UWS Scholarship Remembers NASA Shuttle Accident Victim
The University of Wisconsin–Superior has a scholar program named after the memory of Dr. Ronald McNair — an astronaut that was killed on the NASA space shuttle Challenger. The program held an event Thursday to commemorate the 30th anniversary of the shuttle accident.
After Dr. McNair’s untimely death, his family, the U.S. Department of Education, and Congress, came together to start the McNair Scholars Program in his memory. Students, who are accepted into the program, have to complete an intense summer research program, graduate record examination prep, and graduate school admissions prep.
Dr. Marsha S. Francis, Director of McNair Scholars Program says, “Every year we have a different number of applications, it would range between 20 and 30, sometimes a little more than that. And out of that we choose twelve students that we can pay for the following summer.”
I got to speak with one of the students who has already been accepted into North Dakota State University’s PhD program.
Jasmin Farmakes, a forensic chemistry student at UWS, has received an early acceptance letter to NDSU, and it’s all thanks to the help she received during her time in the McNair Scholars Program.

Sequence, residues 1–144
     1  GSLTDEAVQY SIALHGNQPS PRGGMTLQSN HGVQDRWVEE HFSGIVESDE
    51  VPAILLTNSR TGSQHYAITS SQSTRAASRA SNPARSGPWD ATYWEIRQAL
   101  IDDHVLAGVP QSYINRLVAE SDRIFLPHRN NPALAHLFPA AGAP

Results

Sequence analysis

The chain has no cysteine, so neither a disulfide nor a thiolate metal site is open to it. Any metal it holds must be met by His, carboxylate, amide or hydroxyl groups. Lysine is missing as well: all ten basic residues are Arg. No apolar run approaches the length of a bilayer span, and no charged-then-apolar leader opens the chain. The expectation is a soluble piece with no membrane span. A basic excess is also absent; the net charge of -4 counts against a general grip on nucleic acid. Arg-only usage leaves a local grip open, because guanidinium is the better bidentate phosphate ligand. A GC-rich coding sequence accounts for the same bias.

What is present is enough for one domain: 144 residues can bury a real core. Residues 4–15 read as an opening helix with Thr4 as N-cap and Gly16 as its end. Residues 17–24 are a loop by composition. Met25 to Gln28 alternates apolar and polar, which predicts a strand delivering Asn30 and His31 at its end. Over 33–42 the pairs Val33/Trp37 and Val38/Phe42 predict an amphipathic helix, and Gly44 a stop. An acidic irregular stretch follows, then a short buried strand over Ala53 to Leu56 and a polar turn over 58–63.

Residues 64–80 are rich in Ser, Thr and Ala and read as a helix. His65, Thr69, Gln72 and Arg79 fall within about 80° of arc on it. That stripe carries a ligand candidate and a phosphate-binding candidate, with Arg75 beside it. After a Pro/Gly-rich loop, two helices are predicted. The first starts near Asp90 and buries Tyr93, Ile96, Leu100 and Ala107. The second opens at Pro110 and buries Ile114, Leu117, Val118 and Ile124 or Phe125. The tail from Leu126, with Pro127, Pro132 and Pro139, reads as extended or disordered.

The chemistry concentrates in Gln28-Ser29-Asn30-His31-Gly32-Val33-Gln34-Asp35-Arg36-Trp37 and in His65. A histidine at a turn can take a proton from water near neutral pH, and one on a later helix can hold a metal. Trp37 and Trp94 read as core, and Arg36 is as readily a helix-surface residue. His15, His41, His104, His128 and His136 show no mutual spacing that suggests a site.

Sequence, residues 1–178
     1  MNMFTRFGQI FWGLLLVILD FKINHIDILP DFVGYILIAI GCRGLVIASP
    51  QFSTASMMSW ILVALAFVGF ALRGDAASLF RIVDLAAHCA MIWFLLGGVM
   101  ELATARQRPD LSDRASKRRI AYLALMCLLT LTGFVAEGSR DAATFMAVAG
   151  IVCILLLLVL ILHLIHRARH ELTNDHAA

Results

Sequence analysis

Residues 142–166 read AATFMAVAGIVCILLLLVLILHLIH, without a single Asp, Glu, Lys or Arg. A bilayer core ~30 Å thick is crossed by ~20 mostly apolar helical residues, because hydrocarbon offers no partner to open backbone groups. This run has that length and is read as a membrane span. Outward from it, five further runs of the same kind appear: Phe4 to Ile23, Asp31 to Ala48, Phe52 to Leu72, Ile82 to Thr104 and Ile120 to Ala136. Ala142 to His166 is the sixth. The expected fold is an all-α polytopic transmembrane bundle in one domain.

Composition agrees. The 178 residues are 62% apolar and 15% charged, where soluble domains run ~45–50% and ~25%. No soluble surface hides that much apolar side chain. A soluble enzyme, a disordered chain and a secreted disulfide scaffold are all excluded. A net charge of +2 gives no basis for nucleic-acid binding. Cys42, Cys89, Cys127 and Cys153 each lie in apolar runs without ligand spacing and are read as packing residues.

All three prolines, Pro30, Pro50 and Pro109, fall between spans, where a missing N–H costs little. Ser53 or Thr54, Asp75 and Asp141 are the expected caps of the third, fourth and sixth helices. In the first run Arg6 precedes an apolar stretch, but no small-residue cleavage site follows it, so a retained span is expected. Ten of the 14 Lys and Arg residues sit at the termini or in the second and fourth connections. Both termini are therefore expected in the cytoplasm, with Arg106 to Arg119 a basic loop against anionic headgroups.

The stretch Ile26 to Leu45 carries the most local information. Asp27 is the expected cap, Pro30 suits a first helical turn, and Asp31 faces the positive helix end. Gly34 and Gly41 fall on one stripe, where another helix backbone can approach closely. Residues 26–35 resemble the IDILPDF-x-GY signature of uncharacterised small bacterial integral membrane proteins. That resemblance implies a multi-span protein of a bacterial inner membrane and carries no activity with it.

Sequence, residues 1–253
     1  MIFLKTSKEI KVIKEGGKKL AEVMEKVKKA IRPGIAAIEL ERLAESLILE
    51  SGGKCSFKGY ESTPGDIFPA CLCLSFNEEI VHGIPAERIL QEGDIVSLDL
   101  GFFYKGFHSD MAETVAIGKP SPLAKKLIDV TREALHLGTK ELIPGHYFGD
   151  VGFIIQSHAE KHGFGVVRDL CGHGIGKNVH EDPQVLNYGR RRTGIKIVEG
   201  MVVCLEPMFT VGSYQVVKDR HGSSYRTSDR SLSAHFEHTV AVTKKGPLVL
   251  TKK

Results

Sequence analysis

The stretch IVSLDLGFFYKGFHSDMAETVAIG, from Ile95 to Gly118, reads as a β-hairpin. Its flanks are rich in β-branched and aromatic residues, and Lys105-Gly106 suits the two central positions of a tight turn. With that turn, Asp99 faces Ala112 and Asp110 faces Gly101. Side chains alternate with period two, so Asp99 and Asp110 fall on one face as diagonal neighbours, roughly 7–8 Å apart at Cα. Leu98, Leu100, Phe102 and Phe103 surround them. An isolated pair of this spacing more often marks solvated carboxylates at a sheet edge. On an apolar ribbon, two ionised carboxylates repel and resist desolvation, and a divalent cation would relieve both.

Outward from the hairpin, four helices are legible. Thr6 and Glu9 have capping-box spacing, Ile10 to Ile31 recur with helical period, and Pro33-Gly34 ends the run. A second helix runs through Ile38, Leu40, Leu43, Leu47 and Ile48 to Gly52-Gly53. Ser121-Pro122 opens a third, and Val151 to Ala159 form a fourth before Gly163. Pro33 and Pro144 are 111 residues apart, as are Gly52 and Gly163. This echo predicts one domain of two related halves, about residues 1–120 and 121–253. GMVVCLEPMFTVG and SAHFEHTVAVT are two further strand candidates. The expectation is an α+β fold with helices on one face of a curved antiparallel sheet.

Jasmin Farmakes said, “I came from a really poor background and everyone always told me that I wouldn’t really have a shot in life. For me it’s the opportunity to get to go to grad school that I probably would have had a much harder time with, because no one in my family had a chance to go to grad school.”
During today’s commemoration, Jasmin received a gift for all her hard work and future successes. She is a true role model for all students looking to get into the McNair Scholars Program.
Jasmin Farmakes also said, “It’s just great people trying to help; you know they’re just really improving the community by doing this. Giving people the opportunity to go get higher education where they normally wouldn’t have the opportunity.”
Students served are low income and first generation college graduates, or are from a group that is underrepresented in graduate school, such as African Americans, Native Americans or Hispanics.
There are about 152 programs nationwide and the McNair family continues to stay involved in every one. The 168 students who have participated in the McNair program have graduated with a bachelor’s degree, of those, 58 have completed a master’s program or PhD program and 31 are currently enrolled in master or PhD programs.